A lot of old school service providers do not like this new world. Understandably, many service providers don’t like the uncertainty of income. They liked the old days when they had some control and knew how much money that they would receive. Many people despise the fact that people with a disability have become a commodity for profit. They find this de-humanising. The NDIS does not suit all people with a disability either. There are many that were better served with the old block funding model where there was certainty of service.

It is what it is. Service providers either adapt or they perish. It is up to them. Many people with a disability also love the NDIS for the control it gives them over the funding and services that they receive. The NDIS is not going anywhere soon, so its either structure the service to fit within the frame work or go out of business. The choice is stark.

However, some things never change. One of the things that never changes is how many hearing people assume what Deaf and HoH people can and cannot do. I think I have told the story of the plumbing apprentice a few times before. Suffice to say, back in 1990 a hearing boss tried to tell me that Deaf people couldn’t work as plumbers.

Apparently, and this is what the boss told me, when digging holes plumbers often dig in different areas. They communicate with each other by yelling across from their holes. It would waste too much time getting out of their holes just to communicate with the Deaf person so that the Deaf person could could lipread.

I was not impressed. My reaction got me called into the office of my manager back at the Deaf Society. She was very empathetic but reminded me that getting angry and sarcastic with potential employers could be counter productive in the long run. ( I’d said to the boss something along the lines of, “You poor hearing person, you really don’t care do you?”)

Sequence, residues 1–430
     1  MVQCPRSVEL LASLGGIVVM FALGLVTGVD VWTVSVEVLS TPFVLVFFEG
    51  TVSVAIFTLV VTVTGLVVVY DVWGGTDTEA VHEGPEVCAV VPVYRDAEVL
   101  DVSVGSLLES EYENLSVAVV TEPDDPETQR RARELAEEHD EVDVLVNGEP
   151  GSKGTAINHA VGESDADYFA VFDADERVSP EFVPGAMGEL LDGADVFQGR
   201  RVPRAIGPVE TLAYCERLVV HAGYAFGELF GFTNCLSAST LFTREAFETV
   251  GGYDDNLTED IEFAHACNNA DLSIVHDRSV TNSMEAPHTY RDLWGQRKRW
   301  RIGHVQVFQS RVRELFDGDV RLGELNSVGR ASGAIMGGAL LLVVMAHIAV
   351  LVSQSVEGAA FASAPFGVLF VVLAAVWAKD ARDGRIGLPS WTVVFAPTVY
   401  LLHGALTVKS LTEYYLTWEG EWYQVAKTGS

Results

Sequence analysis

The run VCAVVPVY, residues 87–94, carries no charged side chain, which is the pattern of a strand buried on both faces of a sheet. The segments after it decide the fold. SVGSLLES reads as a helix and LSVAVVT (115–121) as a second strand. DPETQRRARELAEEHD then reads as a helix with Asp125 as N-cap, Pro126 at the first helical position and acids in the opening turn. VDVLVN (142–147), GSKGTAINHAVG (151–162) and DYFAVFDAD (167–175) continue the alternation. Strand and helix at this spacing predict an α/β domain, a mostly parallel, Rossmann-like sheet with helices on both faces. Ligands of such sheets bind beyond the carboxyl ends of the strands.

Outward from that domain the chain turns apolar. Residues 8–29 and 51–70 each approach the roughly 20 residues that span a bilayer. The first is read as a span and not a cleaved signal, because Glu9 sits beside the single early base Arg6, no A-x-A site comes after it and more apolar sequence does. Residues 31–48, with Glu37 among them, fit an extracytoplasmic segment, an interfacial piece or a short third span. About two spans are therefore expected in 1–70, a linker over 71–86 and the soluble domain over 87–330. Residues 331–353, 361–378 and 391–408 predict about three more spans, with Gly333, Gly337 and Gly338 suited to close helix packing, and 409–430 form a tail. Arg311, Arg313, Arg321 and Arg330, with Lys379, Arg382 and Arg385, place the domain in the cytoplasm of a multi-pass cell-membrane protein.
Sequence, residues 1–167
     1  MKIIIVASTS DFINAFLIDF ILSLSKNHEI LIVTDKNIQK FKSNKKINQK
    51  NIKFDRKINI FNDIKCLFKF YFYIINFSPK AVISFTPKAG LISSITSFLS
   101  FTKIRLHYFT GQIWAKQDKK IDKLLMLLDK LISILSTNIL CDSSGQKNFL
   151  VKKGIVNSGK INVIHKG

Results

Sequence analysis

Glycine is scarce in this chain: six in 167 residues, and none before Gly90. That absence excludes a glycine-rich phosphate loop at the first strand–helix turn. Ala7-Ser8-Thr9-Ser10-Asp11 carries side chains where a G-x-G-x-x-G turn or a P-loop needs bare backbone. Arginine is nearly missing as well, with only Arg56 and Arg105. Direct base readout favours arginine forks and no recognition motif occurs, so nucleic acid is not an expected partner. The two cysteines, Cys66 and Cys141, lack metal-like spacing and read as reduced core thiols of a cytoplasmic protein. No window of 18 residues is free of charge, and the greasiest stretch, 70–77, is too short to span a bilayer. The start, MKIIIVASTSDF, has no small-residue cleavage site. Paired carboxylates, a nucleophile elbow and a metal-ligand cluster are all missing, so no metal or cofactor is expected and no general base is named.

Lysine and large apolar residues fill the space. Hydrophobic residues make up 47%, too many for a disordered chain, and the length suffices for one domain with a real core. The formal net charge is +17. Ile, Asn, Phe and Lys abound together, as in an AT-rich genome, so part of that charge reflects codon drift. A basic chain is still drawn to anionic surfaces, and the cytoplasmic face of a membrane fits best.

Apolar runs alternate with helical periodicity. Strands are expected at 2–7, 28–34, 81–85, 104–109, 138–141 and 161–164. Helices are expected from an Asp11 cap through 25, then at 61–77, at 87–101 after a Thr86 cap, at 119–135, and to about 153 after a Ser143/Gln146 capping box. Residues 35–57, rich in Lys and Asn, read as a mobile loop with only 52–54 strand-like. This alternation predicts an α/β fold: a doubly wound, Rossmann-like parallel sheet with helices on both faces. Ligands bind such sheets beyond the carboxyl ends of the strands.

Sadly, in 2022 this is still happening. Last week I was assisting a client to get into a training course. The client had been refused. The course provider was insisting that a Deaf person could not work in this role because today, with the need to wear masks, communication would be too hard. It would, therefore, be impossible to do the job.

Deja Vu! It took me all the way back to 1990 and the plumber. It took me all the way back to my studies when my social work lecturer questioned whether I could be a Social Worker because it was not feasible to be a Social Worker and use Auslan interpreters. It took me back to times when I was refused jobs because of assumptions made by bosses that communicating in the workplace were challenges too hard to overcome. It took me back to the many excuses hearing bosses make around risks that Occupational Health and Safety regulations (OHS) could not accommodate. The bosses have not a shred of evidence, it is just their assumption.

But there is Deja Vu and there is Google. Today, unlike in 1990, I can Google jobs that Deaf people do. I can find Deaf plumbers or Deaf Tradesmen. I can find Deaf Chefs. I can find Deaf Physiotherapists, nurses and any number of health professionals including doctors. Just on Google I can find these people describing how they do their jobs and the adjustments that they make. None of it is assumption, it is just cold hard evidence. Then there is technology, hoo boy, I have all the answers that back in 1990 I did not have. Evidence is a very powerful medium!

So you hearing people out here who are making these assumptions about what Deaf people can and cannot do, its 2022 and assumptions do not hack it. There are answers and we have them, jut ask us! Let Deja Vu be left where it should be, in the past!